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Local musicians turn to virtual live shows ‘to keep people’s spirits up’

Jess Novak on Facebook Live.

Besides workers being laid off in the restaurant and bar industry, musicians that play at those venues are also dealing with a huge loss of revenue. But some local musicians, like others across the country, are getting creative with keeping the music going.  

Jess Novak, who plays acoustic guitar, piano, electric violin and sings vocals in Syracuse, has a few different projects. She plays solo, with her boyfriend and the Jess Novak Band. Last weekend alone, she had six shows lined up.

“As soon as my shows started dropping off last Friday, by Sunday I had a virtual show, and it did great,” Novak said.

Novak played a virtual show on Facebook Live and it got close to 3,000 views. She had links to her PayPal and website where viewers could tip or buy merchandise.

“It wasn’t just that people donated, it was that people participated and were interactive and shared it and shared news," Novak said. "I had a friend who got engaged during the show. When somebody comes to your show, you’re never going to forget that moment. The whole bar stops and everybody celebrates. And now that’s all different.”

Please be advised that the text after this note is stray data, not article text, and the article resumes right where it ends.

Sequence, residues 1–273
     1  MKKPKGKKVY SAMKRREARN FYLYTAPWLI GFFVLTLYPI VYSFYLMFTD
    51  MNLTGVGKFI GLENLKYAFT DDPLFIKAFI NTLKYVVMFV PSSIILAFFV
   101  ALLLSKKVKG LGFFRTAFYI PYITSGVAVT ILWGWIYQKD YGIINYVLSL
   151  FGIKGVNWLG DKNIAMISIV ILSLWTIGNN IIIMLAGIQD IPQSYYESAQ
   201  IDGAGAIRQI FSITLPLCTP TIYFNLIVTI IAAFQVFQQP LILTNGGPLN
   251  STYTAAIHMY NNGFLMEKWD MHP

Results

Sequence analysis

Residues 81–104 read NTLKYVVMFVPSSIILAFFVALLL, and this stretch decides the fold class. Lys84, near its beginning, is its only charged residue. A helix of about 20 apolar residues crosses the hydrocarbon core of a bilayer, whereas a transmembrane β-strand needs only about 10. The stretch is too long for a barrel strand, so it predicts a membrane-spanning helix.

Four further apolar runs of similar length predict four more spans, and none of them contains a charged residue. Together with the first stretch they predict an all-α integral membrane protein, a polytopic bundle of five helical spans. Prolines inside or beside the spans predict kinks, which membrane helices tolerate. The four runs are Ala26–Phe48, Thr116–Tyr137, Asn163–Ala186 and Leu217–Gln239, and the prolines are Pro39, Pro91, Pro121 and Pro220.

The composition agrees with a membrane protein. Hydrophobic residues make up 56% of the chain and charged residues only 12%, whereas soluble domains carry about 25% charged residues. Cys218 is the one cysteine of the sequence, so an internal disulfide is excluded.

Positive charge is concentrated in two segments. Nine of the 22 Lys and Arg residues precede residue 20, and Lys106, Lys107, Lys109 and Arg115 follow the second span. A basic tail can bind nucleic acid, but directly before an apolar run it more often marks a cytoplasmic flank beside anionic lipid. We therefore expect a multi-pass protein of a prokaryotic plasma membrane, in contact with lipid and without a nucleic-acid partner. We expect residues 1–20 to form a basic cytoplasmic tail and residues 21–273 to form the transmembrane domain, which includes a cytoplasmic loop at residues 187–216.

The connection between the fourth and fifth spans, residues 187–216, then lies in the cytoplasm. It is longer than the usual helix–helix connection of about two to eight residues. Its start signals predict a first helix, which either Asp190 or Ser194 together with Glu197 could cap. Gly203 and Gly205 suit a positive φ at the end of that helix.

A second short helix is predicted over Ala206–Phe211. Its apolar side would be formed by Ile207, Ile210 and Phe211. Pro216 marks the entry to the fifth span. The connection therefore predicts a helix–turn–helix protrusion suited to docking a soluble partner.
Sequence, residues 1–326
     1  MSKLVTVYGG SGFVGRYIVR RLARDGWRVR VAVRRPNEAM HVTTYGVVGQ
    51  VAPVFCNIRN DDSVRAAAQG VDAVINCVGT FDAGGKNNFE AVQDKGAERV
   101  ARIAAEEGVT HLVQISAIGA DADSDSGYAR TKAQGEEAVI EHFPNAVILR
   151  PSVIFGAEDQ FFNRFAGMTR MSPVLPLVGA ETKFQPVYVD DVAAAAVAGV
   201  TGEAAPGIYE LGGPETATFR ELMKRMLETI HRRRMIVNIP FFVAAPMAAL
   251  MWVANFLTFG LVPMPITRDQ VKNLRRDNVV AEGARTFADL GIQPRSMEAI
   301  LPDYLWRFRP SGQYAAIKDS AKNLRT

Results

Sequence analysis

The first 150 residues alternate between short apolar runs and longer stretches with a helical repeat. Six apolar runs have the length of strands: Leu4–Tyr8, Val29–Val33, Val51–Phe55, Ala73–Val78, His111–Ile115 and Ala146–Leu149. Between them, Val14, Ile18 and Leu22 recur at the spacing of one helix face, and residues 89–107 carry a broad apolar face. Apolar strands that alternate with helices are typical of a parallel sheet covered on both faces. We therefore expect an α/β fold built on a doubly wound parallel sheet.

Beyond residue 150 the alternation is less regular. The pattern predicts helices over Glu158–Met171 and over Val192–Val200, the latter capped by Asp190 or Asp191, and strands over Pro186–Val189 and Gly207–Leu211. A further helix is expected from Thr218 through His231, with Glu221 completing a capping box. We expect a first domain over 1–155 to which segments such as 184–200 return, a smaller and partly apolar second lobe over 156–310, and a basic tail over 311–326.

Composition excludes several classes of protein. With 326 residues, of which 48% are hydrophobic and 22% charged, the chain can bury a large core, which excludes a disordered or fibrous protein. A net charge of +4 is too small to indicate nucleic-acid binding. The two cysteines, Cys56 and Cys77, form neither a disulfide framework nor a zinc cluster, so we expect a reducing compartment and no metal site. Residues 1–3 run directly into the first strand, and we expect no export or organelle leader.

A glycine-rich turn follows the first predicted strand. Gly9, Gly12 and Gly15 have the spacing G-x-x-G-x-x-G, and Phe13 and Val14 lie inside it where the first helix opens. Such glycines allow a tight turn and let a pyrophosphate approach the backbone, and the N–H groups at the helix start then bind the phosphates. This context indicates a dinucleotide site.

Credit Day of Hope: Live Music is Still Alive Facebook Page
Day of Hope: Live Music is Still Alive Facebook Page

Novak and several other local bands are hosting a virtual music festival on Saturday called, “A Day of Hope,” which will be live streamed on their Facebook pages.

“As much as this whole thing is physical, it’s also mental," Novak said. "People need to maintain that social interaction and live music. There is something about that live aspect that is really important to keep people’s spirits up.”

She said there is a real fear, not just of losing gigs in the short-term, but of losing private parties, weddings, bars that might not reopen, and sponsors that won’t want to be attached to events and festivals with large gatherings in the future.

Tom Magnarelli is a reporter covering the central New York and Syracuse area. He joined WRVO as a freelance reporter in 2012 while a student at Syracuse University and was hired full time in 2015. He has reported extensively on politics, education, arts and culture and other issues around central New York.